Did you tell her why you changed your mind? And was she a reasonable sort who might actually take the feedback and consider it?

              I know that yelling at you wasn’t reasonable, but that could have been a momentary lapse.

              1. only acting normal*

                I focused on telling the Oxford college and the national application system that I was withdrawing that application and I thought that covered it. A week or so later I was summoned to her office to get an earful for not telling her; I was too taken aback to give her reasons she didn’t ask for. It was also the first personal interaction we’d ever had, other application type activity had been as part of a larger group.

          2. Observer*

            That changes things for me. Not that the response was reasonable. But I could see someone trying to avoid people trying to game the system by presenting themselves in a very specific, but possibly inaccurate, way to get the offer. But this tells me that she wasn’t thoughtful enough for that to be her train of thought.

      1. Leela*

        Reminds me of one time I was given time to ask questions at the end of the interview, and I still didn’t have a clear idea of what the role would entail so I asked if they could give me a brief day in the life of this role, and one of them scoffed rudely and went “did you READ the JOB description??” Yes, I did. The incredibly vague, scattered job description that was seemingly in my field but I couldn’t tell from how it was written or how it was interviewed. At the time I thought I’d done something wrong but good lord I’m glad I’m not working with that woman.

        1. Jennifer85*

          By far the worst interview I’ve ever had was for a college where it was very pretty adversarial (& I was 17).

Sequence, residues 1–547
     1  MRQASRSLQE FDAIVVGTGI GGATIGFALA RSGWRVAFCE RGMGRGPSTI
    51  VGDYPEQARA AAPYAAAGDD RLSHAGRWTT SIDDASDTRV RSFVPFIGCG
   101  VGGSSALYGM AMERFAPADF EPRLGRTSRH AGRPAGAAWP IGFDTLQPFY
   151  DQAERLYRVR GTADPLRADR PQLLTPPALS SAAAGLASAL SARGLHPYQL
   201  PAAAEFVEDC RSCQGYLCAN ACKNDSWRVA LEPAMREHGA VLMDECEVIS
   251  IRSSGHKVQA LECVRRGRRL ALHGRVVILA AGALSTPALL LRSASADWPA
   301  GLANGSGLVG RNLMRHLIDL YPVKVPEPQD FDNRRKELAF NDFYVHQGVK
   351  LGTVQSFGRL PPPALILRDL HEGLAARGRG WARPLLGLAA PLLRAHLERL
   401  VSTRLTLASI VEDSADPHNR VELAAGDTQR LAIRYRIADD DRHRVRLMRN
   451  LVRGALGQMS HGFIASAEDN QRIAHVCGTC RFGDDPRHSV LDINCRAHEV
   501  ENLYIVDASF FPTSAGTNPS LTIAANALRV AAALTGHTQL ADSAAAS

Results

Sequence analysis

There was 3 of them, sat on a bench, where the two either side were grimacing at my responses and the one in the middle smiling and nodding. The worst bit went something like:

          ‘So why do you want to do this course?’
          ‘I’ve always loved subject and want to make a career out of it, and I’ve heard good things about this institution’
          ‘Ok, but really why do you want to take this course?’
          ‘Everything I’ve read about it sounds really good and it’s exactly what I want to do’
          ‘No but really, why do you want to take the course?’
          ‘I’m a bit confused sorry, I’m trying to answer but I’m not sure what you want me to say’
          ‘No no no don’t say what you think we want to hear!!! Say how you feel!!’

  3. Marie*

    “Not prepared to move unless it’s the job of a lifetime”

    Someday I hope corporate America becomes truly accepting of remote employees. I’ve worked remotely for 2 years, and my productivity is so much better when I can control the distractions and office environment. Plus taking meetings with China and India is so much easier.

    Job hunting however is kind of a nightmare because employers do not care about how difficult it might be for you + family to uproot.

    And the fact that you did uproot won’t prevent them from laying you off a year later… which I’ve also experienced.

    1. Ace in the Hole*

      Working remotely is completely impossible for some types of work though. My job needs someone to be physically on site to do inspections, handle materials, and respond to emergencies. Remote work might be fine for the teapot designers, but someone still has to work in the teapot factory.

      1. NoMoreFirstTimeCommenter*

        This is a very important point! So often people write about today’s work life or the future of work as if there wasn’t any other kind of work than sitting in an office using a computer. It’s true that many jobs can be done wherever and whenever, but I would say there are even more jobs that can’t, and will be even in the future.

      2. Wintermute*

        I would add that a lot of jobs that COULD be, like mine, really shouldn’t be. Yes slack and sharepoint and Skype for Business are a thing but they all add friction to knowledge transfer that’s not there when you’re in the same physical room and able to say “hey, anyone else seeing that monitoring screen spike?” It’s a great example of a job that on paper could be remote very easily, but you would lose a ton of efficiency and knowledge transfer opportunities.

        1. Kyrielle*